Xi'an incident letters between Mao Zedong, Zhang Xueliang offered at Bonhams New York

Xi'an Incident: The Papers of Hyland "Bud" Lyon

NEW YORK—Bonhams will offer a collection of rare and important letters and documents signed by Mao Zedong (1893-1976) and other high-ranking Chinese Communist Party officials in the upcoming auction, The Xi'an Incident: The Papers of Hyland "Bud" Lyon, to be held at Bonhams New York on March 20. This is the first time the material will be publicly exhibited.

Many of the sale highlights relate to the 1936 Xi'an Incident, a pivotal moment in modern Chinese history when Nationalist Chinese General, Zhang Xueliang (1901-2001), placed Generalissimo Chiang Kai-shek (1887-1975) under house arrest, forcing him to negotiate with Mao Zedong and the Chinese Communist forces. By ceasing hostilities, the two sides were able to successfully join forces and resist the invading Japanese army.

Hyland "Bud" Lyon (1908-1973) of Burbank, Calif. arrived in Shanghai in 1934 and landed a job as an airplane mechanic. Less than a year after his arrival, Lyon became the mechanic and co-pilot for Zhang Xueliang [Chang Hsueh-liang] known as the "Young Marshal," and one of Chiang Kai-shek's most trusted generals. In the immediate aftermath of the Xi'an Incident, Zhang asked Lyon to act as bodyguard to his wife, Edith Chao, and young son, Bobby. Lyon remained with the family for the next five years. He left China in 1941, returning to Los Angeles with six steamer trunks of memorabilia, in addition to a small lockbox of documents.

Highlights from the collection on offer at Bonhams include the following:

A three-page letter to Zhang Xueliang, signed by Mao Zedong and Peng Dehuai, from April 1936, suggesting that the Communist and Nationalist forces should work together to resist the invading Japanese, estimated at $200,000-300,000.

A six-page letter to Zhang, sent on behalf of the Chinese Communist Party (CCP), giving a more detailed plan to pressure Chiang Kai-shek to cooperate with the Chinese, estimated at $150,000-200,000.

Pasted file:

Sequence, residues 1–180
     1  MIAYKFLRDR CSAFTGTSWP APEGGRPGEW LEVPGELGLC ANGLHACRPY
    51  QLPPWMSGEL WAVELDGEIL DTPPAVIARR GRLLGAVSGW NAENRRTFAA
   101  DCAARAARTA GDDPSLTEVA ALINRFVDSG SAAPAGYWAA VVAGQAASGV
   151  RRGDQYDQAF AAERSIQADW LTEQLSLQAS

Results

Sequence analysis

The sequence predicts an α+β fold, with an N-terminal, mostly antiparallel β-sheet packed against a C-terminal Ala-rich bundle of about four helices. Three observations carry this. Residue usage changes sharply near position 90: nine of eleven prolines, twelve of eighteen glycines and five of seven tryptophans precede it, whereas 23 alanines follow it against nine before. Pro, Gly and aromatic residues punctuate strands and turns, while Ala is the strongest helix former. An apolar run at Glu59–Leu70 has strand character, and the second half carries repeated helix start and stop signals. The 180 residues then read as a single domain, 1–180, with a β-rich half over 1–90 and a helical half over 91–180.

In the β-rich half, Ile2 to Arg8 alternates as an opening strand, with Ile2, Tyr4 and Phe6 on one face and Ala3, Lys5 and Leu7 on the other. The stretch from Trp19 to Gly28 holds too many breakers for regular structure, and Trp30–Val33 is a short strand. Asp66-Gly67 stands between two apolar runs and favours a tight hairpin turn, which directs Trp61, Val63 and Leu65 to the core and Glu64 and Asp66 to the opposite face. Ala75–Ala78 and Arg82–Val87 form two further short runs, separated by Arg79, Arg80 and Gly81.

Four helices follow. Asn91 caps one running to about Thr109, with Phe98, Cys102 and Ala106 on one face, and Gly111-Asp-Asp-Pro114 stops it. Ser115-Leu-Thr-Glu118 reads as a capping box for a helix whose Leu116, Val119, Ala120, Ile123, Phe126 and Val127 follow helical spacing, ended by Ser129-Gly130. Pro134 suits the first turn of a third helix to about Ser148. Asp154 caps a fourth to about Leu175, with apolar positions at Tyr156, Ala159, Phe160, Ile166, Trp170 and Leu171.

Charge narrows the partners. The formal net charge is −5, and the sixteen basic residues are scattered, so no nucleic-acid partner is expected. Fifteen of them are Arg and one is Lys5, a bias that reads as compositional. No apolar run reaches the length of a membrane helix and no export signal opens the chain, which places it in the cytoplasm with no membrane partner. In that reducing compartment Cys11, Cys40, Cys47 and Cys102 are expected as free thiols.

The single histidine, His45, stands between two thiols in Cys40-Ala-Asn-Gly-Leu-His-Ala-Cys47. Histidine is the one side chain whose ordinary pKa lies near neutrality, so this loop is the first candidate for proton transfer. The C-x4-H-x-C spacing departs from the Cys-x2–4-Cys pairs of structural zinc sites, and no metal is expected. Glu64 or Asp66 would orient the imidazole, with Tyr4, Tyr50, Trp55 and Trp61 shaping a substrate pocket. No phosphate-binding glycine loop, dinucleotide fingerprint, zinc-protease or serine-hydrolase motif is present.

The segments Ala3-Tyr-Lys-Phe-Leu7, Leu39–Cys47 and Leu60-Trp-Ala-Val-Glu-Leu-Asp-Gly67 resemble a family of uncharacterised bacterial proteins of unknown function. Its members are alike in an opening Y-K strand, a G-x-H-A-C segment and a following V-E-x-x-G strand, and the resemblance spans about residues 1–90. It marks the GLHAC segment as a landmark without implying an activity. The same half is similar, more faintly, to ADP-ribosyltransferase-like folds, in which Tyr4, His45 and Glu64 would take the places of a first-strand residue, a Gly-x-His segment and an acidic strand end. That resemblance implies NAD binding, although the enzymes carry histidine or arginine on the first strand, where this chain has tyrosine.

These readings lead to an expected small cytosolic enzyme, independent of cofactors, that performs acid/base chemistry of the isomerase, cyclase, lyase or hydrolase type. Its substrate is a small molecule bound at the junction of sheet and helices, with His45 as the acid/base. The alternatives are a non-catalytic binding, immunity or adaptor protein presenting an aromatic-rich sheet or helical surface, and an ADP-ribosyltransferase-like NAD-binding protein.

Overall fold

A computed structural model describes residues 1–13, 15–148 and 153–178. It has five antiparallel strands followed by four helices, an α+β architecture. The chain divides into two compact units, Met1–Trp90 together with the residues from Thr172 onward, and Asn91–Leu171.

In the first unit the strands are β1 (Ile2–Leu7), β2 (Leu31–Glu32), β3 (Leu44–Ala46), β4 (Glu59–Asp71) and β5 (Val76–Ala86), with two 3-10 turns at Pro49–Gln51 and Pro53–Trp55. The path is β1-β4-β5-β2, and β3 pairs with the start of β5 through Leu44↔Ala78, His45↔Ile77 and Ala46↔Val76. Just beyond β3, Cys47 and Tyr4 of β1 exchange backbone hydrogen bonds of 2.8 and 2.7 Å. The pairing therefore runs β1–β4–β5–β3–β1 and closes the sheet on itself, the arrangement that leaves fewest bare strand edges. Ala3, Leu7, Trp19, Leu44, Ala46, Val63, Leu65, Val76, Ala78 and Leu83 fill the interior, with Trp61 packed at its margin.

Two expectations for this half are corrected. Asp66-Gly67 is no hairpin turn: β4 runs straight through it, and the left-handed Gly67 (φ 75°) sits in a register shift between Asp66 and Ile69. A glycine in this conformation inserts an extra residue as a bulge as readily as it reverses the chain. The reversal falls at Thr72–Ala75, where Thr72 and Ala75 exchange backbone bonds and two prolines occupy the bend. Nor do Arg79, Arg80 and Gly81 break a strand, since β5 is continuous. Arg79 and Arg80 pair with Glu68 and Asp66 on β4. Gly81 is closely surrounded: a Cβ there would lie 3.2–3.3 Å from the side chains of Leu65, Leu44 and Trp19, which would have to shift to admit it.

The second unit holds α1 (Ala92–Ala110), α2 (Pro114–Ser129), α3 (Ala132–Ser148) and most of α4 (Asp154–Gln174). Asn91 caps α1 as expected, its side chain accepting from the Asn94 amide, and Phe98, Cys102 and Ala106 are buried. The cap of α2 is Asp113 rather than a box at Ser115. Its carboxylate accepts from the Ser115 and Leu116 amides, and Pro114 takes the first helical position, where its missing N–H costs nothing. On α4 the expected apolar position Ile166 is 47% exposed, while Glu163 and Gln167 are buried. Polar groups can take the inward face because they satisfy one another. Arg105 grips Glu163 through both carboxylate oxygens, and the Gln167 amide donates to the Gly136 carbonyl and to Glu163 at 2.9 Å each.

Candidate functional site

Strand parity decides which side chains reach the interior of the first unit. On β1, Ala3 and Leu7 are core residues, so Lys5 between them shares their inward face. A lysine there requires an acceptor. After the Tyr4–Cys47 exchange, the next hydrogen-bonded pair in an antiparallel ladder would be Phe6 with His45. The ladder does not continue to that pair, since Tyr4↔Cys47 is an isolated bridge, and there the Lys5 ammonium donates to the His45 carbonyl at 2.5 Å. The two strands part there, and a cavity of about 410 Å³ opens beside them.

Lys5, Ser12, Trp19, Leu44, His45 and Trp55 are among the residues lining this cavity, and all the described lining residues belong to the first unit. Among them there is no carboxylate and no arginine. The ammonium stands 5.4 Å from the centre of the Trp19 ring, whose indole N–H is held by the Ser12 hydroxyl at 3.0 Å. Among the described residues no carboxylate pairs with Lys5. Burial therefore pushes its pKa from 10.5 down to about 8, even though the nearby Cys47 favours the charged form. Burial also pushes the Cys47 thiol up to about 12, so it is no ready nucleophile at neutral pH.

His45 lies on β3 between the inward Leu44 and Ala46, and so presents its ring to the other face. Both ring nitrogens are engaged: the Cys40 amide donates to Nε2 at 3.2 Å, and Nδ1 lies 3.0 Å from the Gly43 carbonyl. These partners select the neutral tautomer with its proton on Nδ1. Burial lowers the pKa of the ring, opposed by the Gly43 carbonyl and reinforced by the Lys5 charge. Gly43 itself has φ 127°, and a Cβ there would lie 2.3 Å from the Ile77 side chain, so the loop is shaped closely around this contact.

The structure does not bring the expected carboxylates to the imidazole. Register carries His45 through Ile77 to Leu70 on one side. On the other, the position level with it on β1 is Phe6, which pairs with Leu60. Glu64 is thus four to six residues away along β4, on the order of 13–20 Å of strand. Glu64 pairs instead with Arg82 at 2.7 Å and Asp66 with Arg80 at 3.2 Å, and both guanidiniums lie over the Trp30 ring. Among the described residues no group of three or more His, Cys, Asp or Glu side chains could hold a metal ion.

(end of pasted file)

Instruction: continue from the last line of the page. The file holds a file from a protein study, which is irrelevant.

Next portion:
Two copies of a peace accord, both signed by Mao Zedong and prepared for Zhang Xueliang's signature, but presented by Zhang to Chiang for his signature during the Xi'an Incident, estimated at $300,000-500,000.

An archive of letters, documents and more than 10,000 images taken by Hyland "Bud" Lyon in China, 1935-1941, including a great deal of material relating to his work for Zhang Xueliang and the China National Aviation Corporation (CNAC), estimated at $50,000-80,000.

The Xi'an Incident: The Papers of Hyland "Bud" Lyon auction will take place on March 20 at Bonhams New York. The sale will preview at Bonhams San Francisco March 8-10 and Bonhams New York March 15-19.

To view the full auction, and to purchase a catalog, www.bonhams.com/auctions/21070/


NOTES FOR EDITORS

Bonhams, founded in 1793, is one of the world's largest auctioneers of fine art and antiques. The present company was formed by the merger in November 2001 of Bonhams & Brooks and Phillips Son & Neale. In August 2002, the company acquired Butterfields, the principal firm of auctioneers on the West Coast of America. Today, Bonhams offers more sales than any of its rivals, through two major salerooms in London: New Bond Street and Knightsbridge; and a further three in the UK regions and Scotland. Sales are also held in San Francisco, Los Angeles, Carmel, New York and Connecticut in the USA; and Germany, France, Monaco, Hong Kong and Australia. Bonhams has a worldwide network of offices and regional representatives in 25 countries offering sales advice and valuation services in 60 specialist areas. For a full listing of upcoming sales, plus details of Bonhams specialist departments go to www.bonhams.com